The algorithm we will refer to as k-Means has many names.
Some would call it the Lloyd's Algorithms, some will call it
Voronoi Iteration, and other the Expectation-Maximization.
Whichever the name k-means is a *clustering* algorithm,
it finds clusters of data points that are similar (close)
to each other.
It evaluates the similarity based on some notion of distance.
For simplicity we will only use euclidean distance
but many variants with different distances exist.

In general the algorithm looks as follows:

- Generate a predefined number of random cluster centers;
- Assign data points to the closest cluster center;
- Change the cluster centers so that they lie in the center of the data points assigned to them;
- Repeat steps 2 and 3 until convergence, until the centers do not change;
- The final cluster centers are the position of the clusters.

Note that the above requires some form of *distance measure*,
and that the optimized function in these steps
is the minimization of all the distances.
Let's do the initial imports and dive into k-means.

In [1]:

```
import numpy as np
import matplotlib.pyplot as plt
%matplotlib inline
plt.style.use('seaborn-talk')
```

We will use a rather mechanical looking dataset of three clusters of points, the points in the blobs are all positive which will also make things easier as we go.

In [2]:

```
cluster_num = 3
points = [
[4, 7], [4, 8], [4.5, 8], [5, 7], [5, 7.5], [5, 8], [5, 8.5], [5, 9], [5.5, 7.5], [5.5, 8], [6, 8],
[6, 3.5], [6, 4], [6, 4.5], [6, 5], [6, 5.5], [6.5, 5], [7, 4.5], [7, 5], [7, 5.5], [7.5, 5], [7.5, 5.5],
[7, 2], [7.5, 2], [8, 2], [8, 2.5], [8, 3], [8, 3.5], [8.5, 2.5], [8.5, 3], [9, 2], [9, 2.5], [9, 3],
]
labels = [0]*11 + [1]*11 + [2]*11
X, y = np.array(points), np.array(labels)
fig, ax = plt.subplots(figsize=(14, 9))
ax.scatter(X[:, 0], X[:, 1], c=y, cmap='viridis');
```

The steps above are rather easy to follow,
so we can implement a k-means algorithm ourselves.
The following is a very simple implementation of k-means.
We perform step $1$ by first randomly assigning cluster centers,
step $2$ is performed with the `pairwise_distances`

procedure.
The `pairwise_distances`

procedure performs a matrix transformation
to generate distances between all points in the first and all
points in the second argument.
We did write our own version of `pairwise_distances`

inside
the `fit`

method when we implemented k nearest neighbors.
Computing the distances between all points is a very common
task in machine learning hence `sklearn`

has a procedure for that.
And since we already implemented ourselves the procedure once,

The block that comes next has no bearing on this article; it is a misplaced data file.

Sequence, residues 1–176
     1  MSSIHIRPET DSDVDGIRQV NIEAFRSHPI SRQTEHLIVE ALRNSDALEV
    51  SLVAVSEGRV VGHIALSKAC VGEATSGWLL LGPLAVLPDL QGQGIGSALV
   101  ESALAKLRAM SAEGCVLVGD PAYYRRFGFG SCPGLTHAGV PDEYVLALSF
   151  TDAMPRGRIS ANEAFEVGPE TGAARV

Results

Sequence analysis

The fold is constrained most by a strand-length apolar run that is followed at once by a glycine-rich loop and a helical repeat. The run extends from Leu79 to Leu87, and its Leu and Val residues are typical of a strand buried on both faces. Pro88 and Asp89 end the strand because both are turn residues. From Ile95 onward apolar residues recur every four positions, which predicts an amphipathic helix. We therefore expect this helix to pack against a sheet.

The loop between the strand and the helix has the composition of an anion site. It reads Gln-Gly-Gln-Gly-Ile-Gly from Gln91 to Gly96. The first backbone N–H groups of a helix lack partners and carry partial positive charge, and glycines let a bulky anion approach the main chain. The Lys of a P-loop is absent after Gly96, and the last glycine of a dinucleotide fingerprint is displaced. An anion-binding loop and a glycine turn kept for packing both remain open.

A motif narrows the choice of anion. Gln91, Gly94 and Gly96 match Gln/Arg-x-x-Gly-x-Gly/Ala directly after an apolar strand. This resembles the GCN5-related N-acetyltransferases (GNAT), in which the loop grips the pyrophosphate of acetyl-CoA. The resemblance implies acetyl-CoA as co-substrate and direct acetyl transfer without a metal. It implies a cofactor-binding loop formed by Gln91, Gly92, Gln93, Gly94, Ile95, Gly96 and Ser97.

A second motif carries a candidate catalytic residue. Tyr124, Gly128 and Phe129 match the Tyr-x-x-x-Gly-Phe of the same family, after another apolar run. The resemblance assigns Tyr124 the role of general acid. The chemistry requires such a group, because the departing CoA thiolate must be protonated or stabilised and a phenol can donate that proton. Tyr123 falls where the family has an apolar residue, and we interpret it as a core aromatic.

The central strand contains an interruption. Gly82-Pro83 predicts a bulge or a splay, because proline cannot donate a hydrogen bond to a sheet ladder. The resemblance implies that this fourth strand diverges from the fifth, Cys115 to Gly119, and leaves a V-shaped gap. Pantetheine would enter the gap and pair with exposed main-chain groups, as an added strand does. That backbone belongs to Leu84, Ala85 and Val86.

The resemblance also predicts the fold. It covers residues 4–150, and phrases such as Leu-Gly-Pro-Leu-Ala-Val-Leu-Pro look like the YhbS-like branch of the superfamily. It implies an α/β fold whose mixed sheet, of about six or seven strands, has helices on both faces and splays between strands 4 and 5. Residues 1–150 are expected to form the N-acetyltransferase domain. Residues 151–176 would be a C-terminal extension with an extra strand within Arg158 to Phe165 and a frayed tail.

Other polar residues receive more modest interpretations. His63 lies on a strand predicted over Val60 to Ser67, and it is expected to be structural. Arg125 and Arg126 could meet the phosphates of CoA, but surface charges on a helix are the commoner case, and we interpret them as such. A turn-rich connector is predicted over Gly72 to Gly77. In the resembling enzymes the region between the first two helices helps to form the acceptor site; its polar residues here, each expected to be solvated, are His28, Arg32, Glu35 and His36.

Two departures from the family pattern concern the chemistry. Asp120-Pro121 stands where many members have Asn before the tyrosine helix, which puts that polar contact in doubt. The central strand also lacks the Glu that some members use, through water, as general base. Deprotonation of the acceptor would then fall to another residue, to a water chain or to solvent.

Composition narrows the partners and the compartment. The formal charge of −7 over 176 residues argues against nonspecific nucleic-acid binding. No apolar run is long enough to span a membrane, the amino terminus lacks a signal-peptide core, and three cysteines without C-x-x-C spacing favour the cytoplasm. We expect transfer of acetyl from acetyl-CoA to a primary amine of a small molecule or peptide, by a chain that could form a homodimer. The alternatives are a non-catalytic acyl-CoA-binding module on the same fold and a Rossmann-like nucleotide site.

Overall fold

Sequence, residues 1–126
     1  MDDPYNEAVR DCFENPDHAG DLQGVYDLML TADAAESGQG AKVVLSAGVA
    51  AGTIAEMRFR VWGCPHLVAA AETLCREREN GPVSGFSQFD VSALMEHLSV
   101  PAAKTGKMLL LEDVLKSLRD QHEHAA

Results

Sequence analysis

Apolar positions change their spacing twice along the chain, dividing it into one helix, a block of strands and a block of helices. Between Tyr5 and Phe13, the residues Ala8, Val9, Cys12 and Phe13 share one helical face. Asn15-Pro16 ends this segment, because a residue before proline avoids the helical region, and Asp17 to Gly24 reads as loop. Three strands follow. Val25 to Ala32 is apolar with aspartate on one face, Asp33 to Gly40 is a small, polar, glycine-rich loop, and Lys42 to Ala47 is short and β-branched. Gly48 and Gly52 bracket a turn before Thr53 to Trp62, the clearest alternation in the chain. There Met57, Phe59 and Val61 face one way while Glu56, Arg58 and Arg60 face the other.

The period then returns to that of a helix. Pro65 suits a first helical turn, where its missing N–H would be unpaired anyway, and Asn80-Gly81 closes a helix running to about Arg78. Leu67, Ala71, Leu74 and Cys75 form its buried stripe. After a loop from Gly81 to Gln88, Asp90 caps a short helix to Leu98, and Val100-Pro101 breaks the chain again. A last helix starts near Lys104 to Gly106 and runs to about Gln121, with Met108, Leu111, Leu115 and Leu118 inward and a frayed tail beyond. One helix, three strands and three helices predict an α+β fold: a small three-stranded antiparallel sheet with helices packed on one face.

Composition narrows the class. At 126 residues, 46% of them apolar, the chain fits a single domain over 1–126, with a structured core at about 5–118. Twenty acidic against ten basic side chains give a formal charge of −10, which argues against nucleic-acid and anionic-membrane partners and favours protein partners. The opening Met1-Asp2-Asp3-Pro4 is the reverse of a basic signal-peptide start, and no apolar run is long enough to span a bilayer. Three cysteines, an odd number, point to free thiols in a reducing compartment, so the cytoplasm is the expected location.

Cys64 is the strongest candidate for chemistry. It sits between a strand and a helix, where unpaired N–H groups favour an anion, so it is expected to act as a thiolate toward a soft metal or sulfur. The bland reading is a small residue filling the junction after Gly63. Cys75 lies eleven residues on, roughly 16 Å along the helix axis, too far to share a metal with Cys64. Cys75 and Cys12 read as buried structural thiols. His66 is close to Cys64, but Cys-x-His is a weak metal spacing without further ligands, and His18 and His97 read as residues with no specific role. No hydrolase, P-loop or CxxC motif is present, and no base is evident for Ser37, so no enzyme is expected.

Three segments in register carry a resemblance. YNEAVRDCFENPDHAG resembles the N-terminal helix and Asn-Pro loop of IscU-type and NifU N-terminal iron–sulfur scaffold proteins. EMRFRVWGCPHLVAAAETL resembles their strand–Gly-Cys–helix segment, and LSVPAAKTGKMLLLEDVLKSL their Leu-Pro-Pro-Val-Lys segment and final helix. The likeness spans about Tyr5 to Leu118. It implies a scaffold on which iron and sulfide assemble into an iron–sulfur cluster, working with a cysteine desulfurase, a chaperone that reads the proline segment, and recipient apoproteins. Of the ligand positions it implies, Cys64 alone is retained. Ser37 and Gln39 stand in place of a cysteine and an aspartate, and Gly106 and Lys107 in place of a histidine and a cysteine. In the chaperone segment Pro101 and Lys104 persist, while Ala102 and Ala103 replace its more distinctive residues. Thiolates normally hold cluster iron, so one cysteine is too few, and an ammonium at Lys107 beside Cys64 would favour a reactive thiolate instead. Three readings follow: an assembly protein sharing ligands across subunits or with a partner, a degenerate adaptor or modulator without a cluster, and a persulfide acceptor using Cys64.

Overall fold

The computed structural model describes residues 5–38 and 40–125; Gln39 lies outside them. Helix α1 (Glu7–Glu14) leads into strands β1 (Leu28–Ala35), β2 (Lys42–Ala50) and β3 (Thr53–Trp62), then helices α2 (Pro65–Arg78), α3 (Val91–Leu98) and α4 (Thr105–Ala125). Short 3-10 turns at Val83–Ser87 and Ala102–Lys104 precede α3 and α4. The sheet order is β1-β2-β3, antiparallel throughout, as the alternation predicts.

we are now allowed to make our lives easier and
use the procedure provided.

Step $3$ is performed by taking the mean of the points in the cluster.
Remember that the mean is simply the center.
In our implementation we ignore the convergence and
just perform $6$ iterations to account for step $4$.
Finally, step $5$ is left in the `clusters`

variable.

We plot the results. Since k-means has the tendency of choking when a cluster center is not close enough to at least one point, we may need to run the following several times until a good solution is found. Note that we use a heuristic about initial cluster location, we assume that our data centers close to zero and assign cluster centers within the mean variance of the data from the origin.

In [3]:

```
from sklearn.metrics import pairwise_distances
steps = 6
clusters = (np.random.rand(3, 2) - 0.5)*np.abs(X.mean(axis=0)) + X.mean(axis=0)
colors = np.array(['crimson', 'steelblue', 'seagreen'])
fig, ax = plt.subplots(3, 2, figsize=(16, 9))
for i in range(steps):
distances = pairwise_distances(X, clusters)
classes = distances.argmin(axis=1)
ax.flat[i].scatter(clusters[:, 0], clusters[:, 1], c=colors);
ax.flat[i].scatter(X[:, 0], X[:, 1], c=colors[classes], alpha=0.3);
ax.flat[i].set(xticks=[], yticks=[], title=f'step {i}')
new_clusters = np.array([]).reshape(0, 2)
for j in range(cluster_num):
centre = X[classes == j]
if centre.shape[0]:
new_clusters = np.r_['0,2', new_clusters, centre.mean(axis=0)]
else:
new_clusters = np.r_['0,2', new_clusters, clusters[j, :]]
ax.flat[i].annotate('', new_clusters[j, :], clusters[j, :],
arrowprops=dict(arrowstyle='->', linewidth=1))
clusters = new_clusters
```

One limitation of k-means that is apparent at first sight is that we need to know
a-priori the number of clusters we want to assign the data to.
Although measures such as *cluster inertia* across several numbers of clusters or a handful
of statistical techniques (e.g. silhouette analysis) exist to estimate a good number of clusters,
these are far from perfect.
Preexisting knowledge of the data,
possibly aided by dimensionality reduction is often needed to find a good number of clusters.

The algorithm requires stochastic initialization and,
given a bad initial start, may find a local minimum instead of a global minimum.
In other words badly initialized k-means can cluster badly.
In practice k-means is run for several random initializations and then evaluated.
Below the hood this is what the `sklearn`

version of k-means does,
it runs the model fit several times and selects the best model.
(The number of times the k-means algorithm is initialized by `sklearn`

is defined
by the `n_init=`

argument to the class initialization.)

As long as the distance measure used is linear, k-means is a linear algorithm and will only find clusters defined by linear borders. Graph techniques such as spectral clustering or some versions of hierarchical clustering are capable of dealing directly with non-linear clusters. Yet, another viable trick is to pre-process the data with a manifold technique and then cluster the projected data with (possibly a variant of) k-means.